Who do you Sue in a Car Accident Lawsuit

Learn more about who a plaintiff can sue after a car accident. While most claims are simply against the person who hit you or your own insurance company, plaintiffs are often able bring claims against other parties.

Who Do You Sue in a Car Accident Lawsuit? - If you're in a car accident, and it wasn't your fault, you will likely need to sue the other driver or your own insurance.
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Who Do You Sue in a Car Accident Lawsuit?

If you have been injured in a car accident, you may be entitled to receive compensation for the medical expenses, lost earnings, and other losses you incur. An essential step in a car accident lawsuit is determining the identity of the at-fault parties.

The truck driver that rear-ended your car may be the obvious person to sue for damages, but the driver may not be the only at-fault party. Suppose the driver does not have enough insurance coverage to pay the compensation you deserve. Your personal injury attorney may discover evidence of a brake failure caused by poor maintenance, which could make the owner of the vehicle and its insurance coverage available to pay the claim.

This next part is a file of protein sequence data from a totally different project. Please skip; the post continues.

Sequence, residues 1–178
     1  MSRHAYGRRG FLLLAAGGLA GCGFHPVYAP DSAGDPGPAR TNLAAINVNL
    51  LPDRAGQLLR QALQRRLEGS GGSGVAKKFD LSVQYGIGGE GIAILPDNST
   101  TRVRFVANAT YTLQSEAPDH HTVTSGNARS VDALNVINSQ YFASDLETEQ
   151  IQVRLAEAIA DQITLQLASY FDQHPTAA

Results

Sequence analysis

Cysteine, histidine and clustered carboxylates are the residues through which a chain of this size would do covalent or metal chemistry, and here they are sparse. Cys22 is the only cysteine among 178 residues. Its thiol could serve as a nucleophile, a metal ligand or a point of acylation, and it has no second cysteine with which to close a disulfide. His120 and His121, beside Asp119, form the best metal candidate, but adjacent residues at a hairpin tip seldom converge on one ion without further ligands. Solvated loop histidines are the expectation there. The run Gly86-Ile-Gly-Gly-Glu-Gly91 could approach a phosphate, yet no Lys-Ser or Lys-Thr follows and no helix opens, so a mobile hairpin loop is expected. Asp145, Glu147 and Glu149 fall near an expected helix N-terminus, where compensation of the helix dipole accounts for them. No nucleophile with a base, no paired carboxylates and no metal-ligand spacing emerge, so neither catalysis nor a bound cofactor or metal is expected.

Who to sue in a car accident lawsuit depends on factors that include the personal injury laws in your state. Getting the best result that adequately compensates you for the injuries you suffered takes time for your car accident attorney to achieve. 

In this article we’ll take a look at potential at-fault parties in an auto accident lawsuit and the circumstances of an accident that could make other parties liable for the payment of car accident damages.

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Key Takeaways

  • The circumstances of a car accident must be investigated to determine the at-fault parties that caused it.
  • The ability to sue multiple people or companies increases the insurance coverage available to pay personal injury and property damage insurance claims arising from a car accident.
  • It’s crucial to the success of a car accident lawsuit to make a claim against all at-fault parties, including some that may not be as obvious as the driver of another car.

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Suing the Driver

All states have laws requiring that motorists maintain control of their vehicles, keep a lookout for pedestrians and other vehicles using the roads, and obey all traffic laws. Drivers who fail to act responsibly and take proper precautions for the safe operation of their motor vehicle may be made to pay compensation to anyone injured due to a crash.

Common behaviors that could lead to a driver being held responsible for causing a car accident include the following:

  • Speeding and reckless driving.